I had to take her car home with me as she wasn’t allowed to leave it there, remember trying to wind down the window to air out the stench in car and the damn window broke, drove from Mount Herbert to Bonshaw a hours drive home , cold outside ,not a fun drive.

When I checked out the car the next morning it became apparent that her drug use was becoming out of control, I took out approx. 100 used needles and other paraphernalia. She asked me to check her apartment , I can’t remember why, when I went to check this out the next morning, I was in total shock with the amount of needles strewn about and the total  disregard for safety. Took me about 3 hours to clean that mess up. Took three sharps boxes to local pharmacy for disposal.

Numerous apartments and numerous boyfriends have plagued her for the past 5 years. She can never follow tenant rules and always get evicted for drug usage or fighting with boyfriends.

We always knew when she would be actively using , the first clue would be when she wanted to change the supervised visits. She has for the past 5 years been on supervised visits and no over-nite visits.                                        

After a few more failed attempts to get sober she went back to STRENGTH. A program that helps youth with Mental Health and Addictions challenges to regain their lives.  For the first time in over a year she decided to get clean. The STRENGTH program was a success for almost a year, granddaughter became the granddaughter  we knew before addictions, no outbursts and she listened to reason.

She moved in with her dad in July of 2018 as we were not going to put ourselves through that craziness again. 

Her new drug became Alcohol. She had a new car, was doing her visits and doing what Child Protection Services were requiring her to do.

She was attending the REACH program, The Prince Edward Island Reach Foundation is a not-for-profit organization focused on the rehabilitation and recovery of island youth who are struggling with mental health and addictions issues. The Reach Foundation provides a safe, structured environment that assists youth in the identification and development of transferable skills related to employment while providing support and guidance with recovery through life skills, coaching, and motivation to build confidence and self-esteem. Our foundation provides a healthy and therapeutic learning and healing environment for both youth and their family members while promoting addictions and mental health education and awareness in the community.    and getting paid for her attendance.  She was out drinking and driving  one evening , she lost control of her car, flipped it and wrote it off, she got charged for impaired driving, she got 7 days in jail, & a $1000 fine and  a $350 to Victims of Crime fund.  Not sure why it went array  but a month before Christmas she began to use again. She would make excuses that she couldn’t  see her daughter because she wasn’t feeling well, that was a clue for us to say she’s using again.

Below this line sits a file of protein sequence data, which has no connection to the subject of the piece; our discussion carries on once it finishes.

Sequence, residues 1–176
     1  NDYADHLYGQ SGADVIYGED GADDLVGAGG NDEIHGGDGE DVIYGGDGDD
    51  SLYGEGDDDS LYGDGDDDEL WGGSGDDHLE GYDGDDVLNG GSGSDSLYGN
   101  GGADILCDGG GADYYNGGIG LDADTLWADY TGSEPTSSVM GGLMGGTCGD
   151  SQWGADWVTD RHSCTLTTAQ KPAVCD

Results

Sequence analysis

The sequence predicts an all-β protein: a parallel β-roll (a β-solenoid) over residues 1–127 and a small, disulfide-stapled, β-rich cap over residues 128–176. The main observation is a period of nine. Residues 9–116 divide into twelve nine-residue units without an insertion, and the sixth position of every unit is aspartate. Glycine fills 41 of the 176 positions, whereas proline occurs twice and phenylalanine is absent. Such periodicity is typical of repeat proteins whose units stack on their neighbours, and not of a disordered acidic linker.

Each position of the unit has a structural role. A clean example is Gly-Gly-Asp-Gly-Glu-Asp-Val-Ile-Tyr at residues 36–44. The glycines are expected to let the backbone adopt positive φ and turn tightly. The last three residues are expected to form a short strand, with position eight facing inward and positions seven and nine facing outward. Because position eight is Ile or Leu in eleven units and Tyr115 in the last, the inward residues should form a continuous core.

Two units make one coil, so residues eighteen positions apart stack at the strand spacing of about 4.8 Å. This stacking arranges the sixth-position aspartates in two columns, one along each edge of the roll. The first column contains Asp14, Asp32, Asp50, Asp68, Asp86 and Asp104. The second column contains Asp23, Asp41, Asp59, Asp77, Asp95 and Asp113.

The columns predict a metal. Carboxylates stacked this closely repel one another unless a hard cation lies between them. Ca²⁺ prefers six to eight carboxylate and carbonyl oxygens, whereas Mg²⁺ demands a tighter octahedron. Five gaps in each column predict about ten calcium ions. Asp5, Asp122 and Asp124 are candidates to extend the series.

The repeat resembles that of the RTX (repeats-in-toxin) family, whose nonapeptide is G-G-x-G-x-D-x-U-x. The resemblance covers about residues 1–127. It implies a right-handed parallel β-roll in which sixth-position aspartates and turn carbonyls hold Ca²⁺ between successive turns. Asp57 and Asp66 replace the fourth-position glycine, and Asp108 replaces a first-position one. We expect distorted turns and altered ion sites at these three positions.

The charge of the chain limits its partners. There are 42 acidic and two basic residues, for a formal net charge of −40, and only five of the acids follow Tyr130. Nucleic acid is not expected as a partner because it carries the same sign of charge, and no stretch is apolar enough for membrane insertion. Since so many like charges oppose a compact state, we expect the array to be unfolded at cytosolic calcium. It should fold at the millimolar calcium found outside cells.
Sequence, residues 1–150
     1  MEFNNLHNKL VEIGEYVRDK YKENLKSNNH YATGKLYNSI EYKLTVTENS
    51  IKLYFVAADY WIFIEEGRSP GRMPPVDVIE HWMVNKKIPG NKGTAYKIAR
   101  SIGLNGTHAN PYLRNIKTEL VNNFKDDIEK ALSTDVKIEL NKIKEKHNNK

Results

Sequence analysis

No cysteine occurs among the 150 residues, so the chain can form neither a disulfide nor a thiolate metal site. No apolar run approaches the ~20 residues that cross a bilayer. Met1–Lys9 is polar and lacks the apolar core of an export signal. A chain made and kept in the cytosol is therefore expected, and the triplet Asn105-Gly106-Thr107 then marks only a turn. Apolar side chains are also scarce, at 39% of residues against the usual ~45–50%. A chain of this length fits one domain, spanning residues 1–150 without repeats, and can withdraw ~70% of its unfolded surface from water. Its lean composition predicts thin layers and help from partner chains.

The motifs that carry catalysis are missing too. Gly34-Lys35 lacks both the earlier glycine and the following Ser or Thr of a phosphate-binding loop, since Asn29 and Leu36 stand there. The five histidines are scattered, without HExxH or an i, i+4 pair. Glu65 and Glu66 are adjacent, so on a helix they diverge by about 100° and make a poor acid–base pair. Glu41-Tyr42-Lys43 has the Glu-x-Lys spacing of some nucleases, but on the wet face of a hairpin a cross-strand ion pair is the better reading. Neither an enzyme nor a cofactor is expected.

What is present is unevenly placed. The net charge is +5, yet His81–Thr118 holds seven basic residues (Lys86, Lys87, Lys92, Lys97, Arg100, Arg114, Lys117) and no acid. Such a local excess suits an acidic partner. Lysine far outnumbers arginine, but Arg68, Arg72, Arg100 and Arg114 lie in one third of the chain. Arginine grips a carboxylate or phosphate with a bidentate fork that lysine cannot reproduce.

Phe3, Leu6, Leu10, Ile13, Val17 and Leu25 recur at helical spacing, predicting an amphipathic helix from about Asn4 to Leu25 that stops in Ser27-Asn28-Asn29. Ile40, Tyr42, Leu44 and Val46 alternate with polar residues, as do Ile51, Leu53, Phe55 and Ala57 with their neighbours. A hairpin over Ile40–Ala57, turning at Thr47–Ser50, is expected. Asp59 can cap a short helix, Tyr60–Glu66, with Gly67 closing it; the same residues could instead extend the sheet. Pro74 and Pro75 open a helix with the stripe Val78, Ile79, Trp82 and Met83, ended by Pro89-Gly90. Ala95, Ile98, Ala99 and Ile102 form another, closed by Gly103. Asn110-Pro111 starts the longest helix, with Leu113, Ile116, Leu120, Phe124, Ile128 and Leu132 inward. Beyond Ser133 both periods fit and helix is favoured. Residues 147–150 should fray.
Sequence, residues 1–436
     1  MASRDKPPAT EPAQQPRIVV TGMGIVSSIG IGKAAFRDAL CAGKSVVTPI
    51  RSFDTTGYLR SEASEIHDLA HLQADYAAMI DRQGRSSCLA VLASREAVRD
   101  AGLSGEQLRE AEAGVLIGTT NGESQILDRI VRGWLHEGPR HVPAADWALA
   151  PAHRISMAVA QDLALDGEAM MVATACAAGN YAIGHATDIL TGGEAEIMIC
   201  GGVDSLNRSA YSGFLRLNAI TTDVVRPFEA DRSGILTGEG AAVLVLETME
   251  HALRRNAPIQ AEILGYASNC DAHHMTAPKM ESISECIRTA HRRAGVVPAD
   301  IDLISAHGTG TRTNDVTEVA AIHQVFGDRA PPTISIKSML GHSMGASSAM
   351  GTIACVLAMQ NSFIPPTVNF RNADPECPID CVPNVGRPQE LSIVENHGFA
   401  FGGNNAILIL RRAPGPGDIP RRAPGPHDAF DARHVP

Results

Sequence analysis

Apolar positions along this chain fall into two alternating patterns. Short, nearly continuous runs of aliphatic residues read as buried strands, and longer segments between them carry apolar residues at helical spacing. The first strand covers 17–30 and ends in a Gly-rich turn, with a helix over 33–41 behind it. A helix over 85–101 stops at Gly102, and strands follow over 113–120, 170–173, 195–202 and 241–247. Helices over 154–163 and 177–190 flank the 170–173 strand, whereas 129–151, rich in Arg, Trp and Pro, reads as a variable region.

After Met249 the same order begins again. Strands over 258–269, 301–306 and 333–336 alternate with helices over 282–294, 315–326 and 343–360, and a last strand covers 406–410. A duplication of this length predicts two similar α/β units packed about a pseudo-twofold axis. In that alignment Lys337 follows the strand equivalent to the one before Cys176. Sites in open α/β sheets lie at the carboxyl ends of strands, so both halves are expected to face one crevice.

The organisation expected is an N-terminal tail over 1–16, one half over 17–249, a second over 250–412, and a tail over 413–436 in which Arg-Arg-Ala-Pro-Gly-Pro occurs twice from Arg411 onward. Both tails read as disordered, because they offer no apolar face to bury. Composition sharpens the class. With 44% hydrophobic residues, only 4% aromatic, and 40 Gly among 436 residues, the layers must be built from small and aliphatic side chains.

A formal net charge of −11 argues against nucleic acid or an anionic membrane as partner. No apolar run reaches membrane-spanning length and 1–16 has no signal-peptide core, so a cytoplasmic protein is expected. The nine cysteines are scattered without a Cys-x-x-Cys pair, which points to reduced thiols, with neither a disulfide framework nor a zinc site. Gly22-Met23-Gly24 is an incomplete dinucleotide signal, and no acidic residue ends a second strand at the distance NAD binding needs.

After going through Addictions one more time she went back to the Strength program and once again this failed as she broke the rules and was asked to leave.                                      

“The longer someone misuses opioids, the less self-control that person will have, it gets more and more difficult to resist taking the drug, or to follow through on a resolution to quit.

The brain is like a car that, besides having no brakes, has a steering wheel that works poorly, or doesn’t work at all” (quote from the National Institute on Drug Abuse).

It’s still too early to tell what the results will be, HOPE is a word that we use a lot. Our great Granddaughter is in a safe place under the care of her father and his family and she truly loves her mom and knows her mother well enough when something isn’t right and withdraws from any drama. Supervised visits are still in place, but a lot of work needs to be done on her part to have those lifted.

She spent 33 days of a 90 day requirement in an off Island treatment center last year but was again asked to leave because rules cant be followed.

Another trip to Addictions Centre was a complete failure, spent seven days in detox and was scheduled to go into a 21 day transitions period, but the day she was scheduled to transition she was given a 12 hour pass, I was visiting her on this particular day and voiced concern about the 12 hour visit but was told , she’s an adult. She’s may be 23 year adult in body, but a 12 year old in mind.

Out of the last 5 Christmas’s  we allowed our granddaughter to be with us and her child, but set boundaries to follow and if you can’t follow these you will be asked to leave, well this past Christmas 2019 was the first time in 5 years that boundaries we asked her to follow ,she succeeded in following these and we had a very nice Christmas with her and her daughter without drama.

It fell apart again New Years Eve, she had cancelled her visit earlier this day and we found out New Years Day she was severely beaten as she owed money and to show fear they beat her in front of her friends. Ended up in the Queen Elizabeth Hospital and is again in Mount Herbert  treatment centre. Its been 5 years now and granddaughter is still active in her addictions and her biological child who is also five is well aware mommy is not well.

There are three guiding principals, also known as the 3 C’s that can help addicts and their loved ones understand the disease.                                     




Our journey continues, and sometimes it’s the journey that teaches you a lot about your destination.  THANK You!!!!!